Hi AnnaMam, thanks for your kind comments about my post. I just read your excellent blog. Lovely picture as well! Reminds me of my daughter when she was that age.
Really appreciate your question, you hit upon a really challenging area, namely how to manage relationships with colleagues, how much to tell them, and what to do when things get difficult. This of course could almost be a category on its own, particularly how to mange flexible working.
I wish I knew all the answers, but I can at least relate my own experiences which I hope help.
From what I understood from your post, you managed to agree flexible work, so this means you are able to go home if you feel unwell?
However, i also interpreted your comments as indicating that there is a lack of understanding from your colleagues about your needs. Dare I say, it sounds like some of them might event resent it.
This sounds so familiar to me. And really worth discussing on the forum, so really glad you raised it.
What you describe actually relates to the fact that people generally have a poor understanding of blood cancer. And as mentioned in the last post, fatigue is particularly hard for others to appreciate as it is mainly an ‘invisible’ symptom. So they probably do not appreciate that their comments are rather insensitive, but you can at least rise above it by saying to yourself that you are coping heroically with far more than just having a late night . Or even try to laugh it off. Or you could ask them how they feel next day, whether they are alright. You never know, perhaps they have something more serious going on which they are hiding.
So what is the big solution of dealing with colleagues? Well, I am not really sure to be honest. But one possible way is to be open about your condition. I see you have already done so, which is really admirable.
Though clearly this approach will not work for everyone. I can see both the benefits and drawbacks of being open, And in my case I have done a bit of both. For years I was almost entirely secretive. To illustrate this, I only recently told my daughter when I started the clinical trial. She was a toddler when I had my chemo, and while she was growing up we decided not to worry her. At work, I initially decided to keep it a secret and only really began telling a few trusted colleagues last year. But a lot of people know about it now, and I am considering also being even more open about it at work.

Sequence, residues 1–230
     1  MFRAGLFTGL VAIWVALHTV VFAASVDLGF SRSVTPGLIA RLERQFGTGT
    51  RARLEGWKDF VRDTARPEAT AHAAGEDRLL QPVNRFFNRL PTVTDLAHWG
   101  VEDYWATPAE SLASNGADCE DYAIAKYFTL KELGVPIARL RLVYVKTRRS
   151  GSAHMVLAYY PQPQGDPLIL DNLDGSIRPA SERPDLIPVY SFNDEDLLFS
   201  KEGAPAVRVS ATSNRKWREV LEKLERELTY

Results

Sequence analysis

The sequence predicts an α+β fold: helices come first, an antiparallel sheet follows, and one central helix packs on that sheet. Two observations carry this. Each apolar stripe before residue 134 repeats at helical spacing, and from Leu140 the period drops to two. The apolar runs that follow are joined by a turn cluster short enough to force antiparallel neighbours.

As your colleagues may not fully understand, I wonder whether it would be worth sharing some leaflet, or other appropriate information, which explains the challenges you face. As you probably know, there is a lot of such information available, from Bloodwise and other sources such as Macmillan who do some really helpful booklets. Or even a web link. Or perhaps you have already tried this?
It is really hard to know what the best approach is, and you can probably see from my comments I also had a hard time working out how to deal with colleagues. And then when I do decide to be entirely open, how best to do it? An email? An annoucment at a meeting? I decided against the latter as it seems a bit dramatic, so probably will opt for an email. And possibly next time when I ask for donations for my run, as it could also help the fundraising,
One thing I decided a while back is not to worry too much about it. We have other far more important stuff going on than to worry about what people think. As I am currently working from home due to joint pain and fatigue (and also a bit of self protection as a lot of people had coughs and in one case even a chest infection,very scary for us!), my boss informed me that a lot of people are wondering how I am (or perhaps wondering why I am not at work). My reply was that I gone far beyond worrying what people think. On the other hand it probably is the time to make an official announcement when I return to work. Inevitably some will understand better than others.
I think I would like to raise this topic further on the forum, and to tap into others’ experiences. This is the value of such a resource. One idea is to share examples of how people have told colleagues, what worked and what did not. Thanks again,as you see your question sparked quite a few thoughts and ideas!
Do post how things go with this and hopefully you can find something which makes your colleagues more empathetic.